Tänään on 27.06.2019 13:58 ja nimipäiviään viettävät: Elviira, Elvi ja Elvira. Käytämme EVÄSTEITÄ | MOBIILIVERSIO M.BLOGIVIRTA.FI
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Helena and the Wrong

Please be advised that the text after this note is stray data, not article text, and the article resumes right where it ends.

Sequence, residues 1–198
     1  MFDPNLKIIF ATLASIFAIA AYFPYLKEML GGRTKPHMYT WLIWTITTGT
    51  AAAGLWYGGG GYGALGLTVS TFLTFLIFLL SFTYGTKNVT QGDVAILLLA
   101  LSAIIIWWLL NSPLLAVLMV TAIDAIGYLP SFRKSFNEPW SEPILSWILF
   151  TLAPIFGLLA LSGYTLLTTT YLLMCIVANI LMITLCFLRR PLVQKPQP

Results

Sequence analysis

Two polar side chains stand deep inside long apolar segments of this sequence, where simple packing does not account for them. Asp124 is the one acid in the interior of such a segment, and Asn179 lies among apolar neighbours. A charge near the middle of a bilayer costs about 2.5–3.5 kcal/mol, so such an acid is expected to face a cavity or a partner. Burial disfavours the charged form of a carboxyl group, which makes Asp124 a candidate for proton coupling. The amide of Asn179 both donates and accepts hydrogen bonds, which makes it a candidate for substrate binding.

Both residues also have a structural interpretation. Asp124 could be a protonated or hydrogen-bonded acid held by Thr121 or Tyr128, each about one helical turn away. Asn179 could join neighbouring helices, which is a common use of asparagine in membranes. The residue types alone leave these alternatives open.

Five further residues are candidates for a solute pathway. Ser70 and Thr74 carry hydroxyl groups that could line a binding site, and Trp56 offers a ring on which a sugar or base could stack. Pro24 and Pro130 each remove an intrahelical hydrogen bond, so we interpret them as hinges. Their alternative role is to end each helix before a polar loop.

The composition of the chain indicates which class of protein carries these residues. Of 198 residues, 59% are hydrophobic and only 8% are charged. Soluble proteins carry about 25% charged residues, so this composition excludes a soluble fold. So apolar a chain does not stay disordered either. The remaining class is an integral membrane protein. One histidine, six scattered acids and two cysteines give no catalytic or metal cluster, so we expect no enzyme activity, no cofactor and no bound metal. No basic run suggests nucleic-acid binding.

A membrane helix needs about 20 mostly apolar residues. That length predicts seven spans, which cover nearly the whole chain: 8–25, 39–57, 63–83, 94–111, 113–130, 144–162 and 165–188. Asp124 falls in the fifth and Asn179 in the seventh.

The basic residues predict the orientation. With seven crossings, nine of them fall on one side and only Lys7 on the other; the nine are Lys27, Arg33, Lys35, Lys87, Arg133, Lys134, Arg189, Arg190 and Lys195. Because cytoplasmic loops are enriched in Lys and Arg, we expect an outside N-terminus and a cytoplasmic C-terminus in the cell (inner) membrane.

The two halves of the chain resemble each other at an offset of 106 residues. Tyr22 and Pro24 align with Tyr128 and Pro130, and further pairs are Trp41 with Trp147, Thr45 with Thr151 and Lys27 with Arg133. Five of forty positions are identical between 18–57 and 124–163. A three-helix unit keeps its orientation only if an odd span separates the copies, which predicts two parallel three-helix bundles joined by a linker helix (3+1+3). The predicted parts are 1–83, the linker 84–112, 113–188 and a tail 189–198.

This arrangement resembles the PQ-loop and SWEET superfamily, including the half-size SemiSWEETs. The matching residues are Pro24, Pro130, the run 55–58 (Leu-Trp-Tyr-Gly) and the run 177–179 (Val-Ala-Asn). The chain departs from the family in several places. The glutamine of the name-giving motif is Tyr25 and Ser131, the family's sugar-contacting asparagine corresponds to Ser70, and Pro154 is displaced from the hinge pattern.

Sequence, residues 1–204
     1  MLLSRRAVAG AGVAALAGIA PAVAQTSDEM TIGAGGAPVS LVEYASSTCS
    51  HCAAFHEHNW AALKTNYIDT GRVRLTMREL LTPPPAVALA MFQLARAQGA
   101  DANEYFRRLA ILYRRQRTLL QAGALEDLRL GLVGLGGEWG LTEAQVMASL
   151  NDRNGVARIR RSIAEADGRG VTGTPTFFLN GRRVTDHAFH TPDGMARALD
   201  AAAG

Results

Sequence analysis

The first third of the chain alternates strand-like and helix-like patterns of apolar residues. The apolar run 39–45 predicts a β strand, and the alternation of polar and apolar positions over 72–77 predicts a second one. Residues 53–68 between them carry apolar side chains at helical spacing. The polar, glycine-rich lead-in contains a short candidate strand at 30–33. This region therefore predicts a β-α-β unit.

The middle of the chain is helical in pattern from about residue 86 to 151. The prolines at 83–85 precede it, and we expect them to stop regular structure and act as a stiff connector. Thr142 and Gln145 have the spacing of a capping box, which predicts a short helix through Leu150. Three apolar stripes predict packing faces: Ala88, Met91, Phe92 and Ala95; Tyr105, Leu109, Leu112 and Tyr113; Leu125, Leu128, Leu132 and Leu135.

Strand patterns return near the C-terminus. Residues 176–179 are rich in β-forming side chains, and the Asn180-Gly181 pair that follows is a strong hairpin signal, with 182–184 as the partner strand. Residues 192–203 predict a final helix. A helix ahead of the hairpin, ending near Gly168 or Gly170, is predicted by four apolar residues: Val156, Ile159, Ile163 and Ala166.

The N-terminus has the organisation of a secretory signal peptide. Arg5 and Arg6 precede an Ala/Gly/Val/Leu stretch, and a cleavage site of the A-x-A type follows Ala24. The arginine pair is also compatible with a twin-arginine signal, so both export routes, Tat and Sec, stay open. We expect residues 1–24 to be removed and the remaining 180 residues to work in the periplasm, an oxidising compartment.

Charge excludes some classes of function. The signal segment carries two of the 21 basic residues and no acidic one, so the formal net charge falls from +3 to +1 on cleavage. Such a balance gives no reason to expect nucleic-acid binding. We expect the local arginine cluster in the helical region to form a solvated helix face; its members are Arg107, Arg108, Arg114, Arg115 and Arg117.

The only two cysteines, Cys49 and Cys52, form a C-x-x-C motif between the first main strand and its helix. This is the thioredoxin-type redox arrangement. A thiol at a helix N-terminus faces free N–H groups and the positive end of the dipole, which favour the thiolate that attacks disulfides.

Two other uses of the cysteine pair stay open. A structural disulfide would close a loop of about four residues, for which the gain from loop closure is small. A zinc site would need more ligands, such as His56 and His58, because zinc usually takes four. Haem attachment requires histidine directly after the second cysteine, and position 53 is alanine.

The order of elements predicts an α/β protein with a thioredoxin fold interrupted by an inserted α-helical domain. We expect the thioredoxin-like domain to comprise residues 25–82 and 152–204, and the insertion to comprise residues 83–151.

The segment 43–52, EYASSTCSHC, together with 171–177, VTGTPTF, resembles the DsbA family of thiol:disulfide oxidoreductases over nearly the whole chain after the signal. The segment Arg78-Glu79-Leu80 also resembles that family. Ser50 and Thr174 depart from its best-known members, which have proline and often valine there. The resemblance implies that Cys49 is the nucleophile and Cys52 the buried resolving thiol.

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(Jaan tämän kirjoittamani epäinspiraatiotarinan pahoitellen, että se on englanniksi. Aivoni ei oikein taivu suomenkieliseen kaunokirjoittamiseen.) By rights, Helena should have died at birth. She was born with a Wrong, and everyone knew that people with a Wrong were better off dead, anyway. But Helena was a princess, and her mother the Queen hired the best magician in the world to ensure that she lived. The magician, whose name was Emery, was skilled and worked tirelessly night and day, and so she survived and thrived--Emery was even good enough that he was able to hide her Wrong, so that to look at her, no one even knew. Helena’s parents kept her alive and helped her keep the Wrong hidden. She had a moderately happy childhood and lacked for very little, as princesses generally will. Her mother the Queen and her father the Royal Engineer told her that she could be anything, she believed them. She received very good advice and nothing but encouragement and saw and tried out many things, another perk of being a princess. When she reached adulthood, everybody thought her ready for a glorious future, ready to take her place among adults. She did not want to be Queen like her mother, nor an engineer like her father, but neither parent minded this at all, and kept telling her she could be anything she wanted to be. She didn’t really know what she actually wanted, but figured that life would show her the way, and did all the jobs that came before her. She kept the Wrong deep inside her, refused to let it have its way with her. For a decade, everything was fine, or so she thought. She worked diligently to learn and grow, although it was hard with the Wrong inside her, gnawing at her innards, twisting and turning. It also took up much of the space inside her that people usually fill up with skills and competence; there was only space for one skill and a few thin strands of competence, but she felt full up so she though this was normal. But deep within, the Wrong had spawned, almost as soon as Helena had been born. The new Wrong was tiny to begin with but it grew, and what made it grow was the work that Helena fed it. As Helena worked harder and harder the new Wrong grew stronger and bigger, until it began to push out all the competence and drain the skill. Helena felt it but could not understand what was happening, so she worked even more, and more, and more, and the new Wrong ate it all and swelled until it, too, gave birth the yet another Wrong. By now Helena was in a bad way but she couldn’t tell anyone, because Wrong was not tolerated and she would have been banished if people knew, for all that her mother was Queen. Eventually the day came when the three Wrongs together became simply too big for Helena to contain, and with a dreadful tearing sound her skin broke apart and the Wrong burst out of her, soiling the palace with a sticky, stinking mess. Helena screamed, less because of the pain than the thought of her Wrong exposed. In panic, she tried to mop up the Wrong, but she was too late. People gasped in horror and fled, and Helena was left standing in shame beyond shame in her own Wrong. She ran to the magician in his rooms in the tower. He invited her in, found a needle and thread and patched her up, using all his skill to sew shut the tears in her skin. He made her whole again, and with one wave of his wand he made the mess of Wrong downstairs disappear without trace. Helena washed herself thoroughly, and when she was done she felt clean again and quite like herself. When she left the magician, she found that she’d have to leave—as she passed, people looked at her oddly, and even when they didn’t she felt sure that as soon as she was out of sight they would talk about her and either laugh or be disgusted. She took her things, said goodbye to her parents and walked to the neighbouring kingdom, whose kindly King gave her a place to live in exchange for her hard work on behalf of his country. Helena began to work again. Since no one here knew about her Wrong, she could get a new start, and she thought she could live with the Wrong inside her as she had done for so long. Every now and then she sprung a little leak, but each time she travelled to meet the magician in secret at the border, in a small cabin by a river, and he mended the tears. It was expensive, and because she was no longer a princess she had to pay for everything out of her own pocket. The trips took their tool, too, and Helena got very tired. The more stitches her skin had to endure the more fragile it became, and the more it cost to repair. She found it harder and harder to keep the Wrong secret, but still she thought she was doing okay—she was not learning much because the Wrong was taking up all the space, but she kept trying to grasp at the strings of competence and tried to hide the leaks. Then one day, out of the blue, the King called her to him. There had been complaints. People had begun to notice that something wasn't right, and what with one thing and another they had come to the conclusion that she was full of Wrong. The King told her that Wrong could not be tolerated in polite society, but what was more, he was offended and sad that she had lied. Helena tried to protest that the Wrong would not hurt other people, but the King put on his regretful face and told her to leave his kingdom. Shamed and frightened, she did. When she reached the river that ran between the two kingdoms she paused on the bridge. Where was she going, exactly? By this time her parents had died and there was no way to go back to her old home—not that she really wanted to, either. She could try to find a new kingdom to live and work in, but by now her patchy skin was so frayed that it leaked Wrong at every step, and there was no space inside her for anything but the Wrong. Perhaps she could get rid of it? She leaned across the railing of the bridge and looked into the water. Surely that much water would wash away the Wrong? Quickly, before she could change her mind, she jumped over the railing and dropped down into the cold, dark stream. She was right—the water rinsed away the Wrongs. And then it rinsed away the last shreds of her empty skin, until there was no Helena left at all.